Missteps in Drug Pricing Deal
The drug pricing policies in the Build Back Better Act, like many other “solutions” on health care spending, come with downsides and costs that are only apparent after close examination of health policy research. In a new commentary published in RealClearPolicy, NPC’s President and CEO, John M. O’Brien, PharmD, MPH, outlines how the drug pricing provisions in the bill could create harmful unintended consequences for patient health and the future of innovation.
The proposals in the BBB Act reflect a common misstep in the health care spending debate: the tendency to focus only on drug spending, without a more holistic examination of other health services. A study published in the Journal of Managed Care and Specialty Pharmacy, led by members of NPC’s research team, shows that spending on prescription drugs is not an anomaly but rather aligns with spending patterns for other health care services.
For the latest research and analysis on health spending, check out the first issue of our new bi-monthly newsletter, Digging Deeper Into Health Spending.
In their third drug pricing report, the Institute for Clinical and Economic Review repeats the mistakes of prior reports and builds their latest analysis on inadequate evidence, selectively picked data and inconsistent methods. NPC outlined the significant flaws embedded in the report and cautioned that the flawed data should not be used to inform health care policy decisions.
The upfront costs of high-deductible health plans can make it hard for people with chronic diseases to access care. An NPC-funded study by the Employee Benefit Research Institute suggests that employers recognize the downsides and costs of barriers to care. The study found that 76% of large employers responded to a 2019 IRS rule change by expanding pre-deductible coverage for medications and health services used to prevent exacerbations of common chronic conditions. Most employers (81%) said they would further broaden this coverage if allowed by law.
NPC recently updated its Employer Resource Guide to include a new action brief developed with the National Alliance of Healthcare Purchaser Coalitions titled “Better Value, Smarter Deductibles in HSA-HDHPs: Improving Health, Equity & Engagement.” With more than 50% of the U.S. workforce enrolled in a high-deductible health plan, the brief highlights steps employers can take to reduce access barriers and better consider strategies for equity in health benefit design. NPC also addressed ways to improve equity in formulary and benefit design at this year’s AMCP Partnership Forum. The Journal of Managed Care and Specialty Pharmacy recently published proceedings from the event.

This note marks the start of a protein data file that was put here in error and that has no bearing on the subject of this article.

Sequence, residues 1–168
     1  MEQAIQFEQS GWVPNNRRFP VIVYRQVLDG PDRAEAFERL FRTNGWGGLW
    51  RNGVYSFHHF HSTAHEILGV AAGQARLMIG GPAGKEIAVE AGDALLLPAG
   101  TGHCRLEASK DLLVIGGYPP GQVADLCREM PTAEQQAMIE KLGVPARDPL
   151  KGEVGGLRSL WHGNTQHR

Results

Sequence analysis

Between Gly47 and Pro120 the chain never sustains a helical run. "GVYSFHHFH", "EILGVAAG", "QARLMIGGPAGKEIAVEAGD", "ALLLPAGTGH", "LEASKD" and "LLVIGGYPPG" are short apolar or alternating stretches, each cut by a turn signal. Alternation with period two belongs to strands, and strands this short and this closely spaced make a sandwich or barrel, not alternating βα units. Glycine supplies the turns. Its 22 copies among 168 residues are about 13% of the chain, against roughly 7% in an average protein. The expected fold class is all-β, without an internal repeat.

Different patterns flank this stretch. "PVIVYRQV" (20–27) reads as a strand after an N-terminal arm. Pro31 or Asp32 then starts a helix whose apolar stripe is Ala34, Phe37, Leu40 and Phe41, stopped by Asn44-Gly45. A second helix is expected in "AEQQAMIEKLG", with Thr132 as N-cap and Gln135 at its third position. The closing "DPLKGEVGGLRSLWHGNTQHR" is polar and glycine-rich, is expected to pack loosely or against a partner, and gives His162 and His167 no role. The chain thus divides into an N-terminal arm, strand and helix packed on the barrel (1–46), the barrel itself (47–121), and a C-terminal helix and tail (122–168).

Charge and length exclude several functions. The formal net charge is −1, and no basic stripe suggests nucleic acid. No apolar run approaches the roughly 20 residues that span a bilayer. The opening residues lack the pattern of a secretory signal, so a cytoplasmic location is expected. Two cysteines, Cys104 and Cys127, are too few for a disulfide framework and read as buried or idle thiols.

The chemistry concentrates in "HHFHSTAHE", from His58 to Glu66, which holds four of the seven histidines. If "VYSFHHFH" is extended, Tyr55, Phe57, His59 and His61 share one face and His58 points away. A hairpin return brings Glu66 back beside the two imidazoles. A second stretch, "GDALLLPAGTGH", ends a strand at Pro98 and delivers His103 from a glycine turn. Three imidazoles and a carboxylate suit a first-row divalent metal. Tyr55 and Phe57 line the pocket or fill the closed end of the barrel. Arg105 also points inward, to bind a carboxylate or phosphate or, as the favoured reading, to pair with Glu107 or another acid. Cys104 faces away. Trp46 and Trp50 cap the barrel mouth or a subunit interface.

Mark Your Calendar
ISPOR Europe 2021
Nov. 30 - Dec. 3, 2021
During this virtual conference, NPC Chief Science Officer and Executive Vice President Robert Dubois, MD, PhD, will moderate a panel discussion on health technology assessments and the implications of uncertainty for “best practices” and policy decision-making. The panel will include experts from the National Institute of Health and Care Excellence, the Institute for Clinical and Economic Review, Tufts Medical Center Institute for Clinical Research and Health Policy Studies, and the University of Strathclyde.
Health care shouldn’t be this hard to navigate. Poorly designed, outdated health insurance can create barriers for patients and their caregivers in accessing needed treatments.
NPC announced its Board of Directors for the 2021-2022 term, with Steven Romano, MD, Executive Vice President and Chief Scientific Officer of Mallinckrodt Pharmaceuticals, elected to serve as Board Chair.
NPC President and CEO John M. O’Brien, PharmD, MPH joined a panel of experts during an NPC/AcademyHealth webinar on the impact of and possible changes to price transparency reporting. Visit our event recap page for the on-demand webinar and summary blog.
NPC's Dr. O'Brien offered perspectives in a commentary for Pharmacy Times, where he describes why pharmacists are so vital to ensuring patient access to needed medicines. In a recent blog post, he shares his experiences as a caregiver and discusses how our health care system can better support caregivers.
In a blog post examining the role of health technology agencies (HTA), NPC’s Immediate Past Board Chair Michael Ryan of Bristol Myers Squibb advises caution and careful consideration of the potential consequences for patients by using a centralized, government-run HTA to assess the value of new health care interventions.
In a Health Affairs Blog, NPC Vice President of Research Michael Ciarametaro, MBA, and coauthors explore the tradeoffs and risks associated with international reference pricing.